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Accommodating Candidates With Disabilities

By Glenn Kauth | Publication Date: Monday, 13 September 2010

With municipal elections set to take place across the province this fall, it’s a good time for discussions on the need to accommodate candidates with disabilities.

Barbara Hall, chief commissioner of the Ontario Human Rights Commission, raised the issue recently in her annual report for 2009-10.

“There’s a general movement to accessibility in all parts of life,” Hall tells reporter Robert Todd. “A reality for people with disabilities who wish to
run as candidates, however, is that there are a lot of things that need to be looked at and solutions found.”

Among the issues Hall identifies is the need to make locations for campaign offices, meetings, and debates more accessible. In addition, she’s calling
on the government to acknowledge the added expenses candidates with disabilities face, including those related to sign-language interpreting.

As a result, she recommends removing those costs from the campaign expense limits those vying for public office must abide by.

“At the very minimum, the need to incur those costs shouldn’t be included under the spending limits,” Hall says. “But I think as a society we need to look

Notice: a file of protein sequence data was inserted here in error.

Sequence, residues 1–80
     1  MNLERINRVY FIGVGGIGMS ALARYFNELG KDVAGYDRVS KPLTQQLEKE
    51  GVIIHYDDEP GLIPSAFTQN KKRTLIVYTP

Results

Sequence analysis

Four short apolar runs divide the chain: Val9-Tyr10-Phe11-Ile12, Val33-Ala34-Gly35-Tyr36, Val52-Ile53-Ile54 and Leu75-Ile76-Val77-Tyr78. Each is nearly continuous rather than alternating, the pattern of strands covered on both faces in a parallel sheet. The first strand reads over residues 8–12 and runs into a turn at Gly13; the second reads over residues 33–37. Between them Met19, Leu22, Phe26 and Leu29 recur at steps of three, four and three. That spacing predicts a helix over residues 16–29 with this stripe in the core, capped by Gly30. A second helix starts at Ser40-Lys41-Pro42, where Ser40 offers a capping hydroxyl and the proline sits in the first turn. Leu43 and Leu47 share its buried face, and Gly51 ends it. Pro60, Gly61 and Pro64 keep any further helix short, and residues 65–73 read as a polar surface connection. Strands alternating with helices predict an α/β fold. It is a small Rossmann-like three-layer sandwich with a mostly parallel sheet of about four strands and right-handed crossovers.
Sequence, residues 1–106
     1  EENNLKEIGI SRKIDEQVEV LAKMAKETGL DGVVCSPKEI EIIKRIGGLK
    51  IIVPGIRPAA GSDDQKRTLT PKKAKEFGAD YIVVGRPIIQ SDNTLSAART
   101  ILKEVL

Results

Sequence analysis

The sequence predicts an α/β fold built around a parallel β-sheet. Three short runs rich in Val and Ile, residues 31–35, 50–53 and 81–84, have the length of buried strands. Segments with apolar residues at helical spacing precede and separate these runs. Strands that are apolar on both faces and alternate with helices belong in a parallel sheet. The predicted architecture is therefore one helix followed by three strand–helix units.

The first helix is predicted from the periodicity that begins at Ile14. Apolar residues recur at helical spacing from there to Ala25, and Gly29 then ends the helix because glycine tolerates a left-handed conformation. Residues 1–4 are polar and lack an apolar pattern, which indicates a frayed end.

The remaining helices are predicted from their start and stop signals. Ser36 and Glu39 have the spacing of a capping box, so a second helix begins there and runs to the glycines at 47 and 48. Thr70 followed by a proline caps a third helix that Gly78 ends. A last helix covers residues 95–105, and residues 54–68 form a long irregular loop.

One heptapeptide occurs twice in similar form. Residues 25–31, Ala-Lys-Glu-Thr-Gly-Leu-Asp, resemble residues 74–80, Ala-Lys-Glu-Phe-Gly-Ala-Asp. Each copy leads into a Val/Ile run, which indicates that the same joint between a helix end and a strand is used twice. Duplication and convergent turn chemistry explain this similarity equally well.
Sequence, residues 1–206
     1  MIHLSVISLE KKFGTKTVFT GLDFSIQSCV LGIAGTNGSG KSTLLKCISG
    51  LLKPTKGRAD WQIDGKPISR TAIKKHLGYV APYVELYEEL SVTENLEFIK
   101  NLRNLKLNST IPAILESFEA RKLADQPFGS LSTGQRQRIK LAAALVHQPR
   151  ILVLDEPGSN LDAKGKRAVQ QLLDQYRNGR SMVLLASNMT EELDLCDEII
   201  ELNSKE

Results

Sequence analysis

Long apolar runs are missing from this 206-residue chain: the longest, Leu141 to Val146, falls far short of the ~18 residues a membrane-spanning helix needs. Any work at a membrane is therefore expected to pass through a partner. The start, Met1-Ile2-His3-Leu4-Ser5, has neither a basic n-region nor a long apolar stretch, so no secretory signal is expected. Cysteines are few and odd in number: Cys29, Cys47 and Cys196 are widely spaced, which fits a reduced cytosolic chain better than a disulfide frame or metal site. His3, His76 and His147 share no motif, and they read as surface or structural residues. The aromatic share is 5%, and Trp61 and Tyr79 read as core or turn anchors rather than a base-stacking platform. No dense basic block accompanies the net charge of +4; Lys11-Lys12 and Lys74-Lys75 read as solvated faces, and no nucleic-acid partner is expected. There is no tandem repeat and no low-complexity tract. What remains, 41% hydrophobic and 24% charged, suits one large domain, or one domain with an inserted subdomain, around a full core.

more broadly at whether the individual candidate should have to bear those costs.”

The issue is particularly relevant to municipal elections. In those contests, candidates run independently with no party affiliation, meaning those with
disabilities often have little outside support for their added expenses.

It seems reasonable, then, to follow Hall’s recommendation to exempt them from campaign spending limits since it’s an easy way to address the accessibility

The question of covering candidates’ added costs, however, is more complicated. Who or what body would pay for them? What would the support cover? The
issue is tricky given the need for the government to stay neutral in elections.

Any move to provide added funding beyond what other candidates receive could provoke concerns over perceived advantages in elections. That’s not to say
people with disabilities shouldn’t receive help, but how to do so remains a challenge.

In the meantime, Hall is right to raise an important issue. If we’re going to make meaningful progress on reducing barriers, creating a level playing field
for people with disabilities to run for office and take on key political roles is crucial.

Until then, it’s unlikely we’ll see those in that situation represented in our public bodies in numbers proportionate to their share of the population.

— Glenn Kauth

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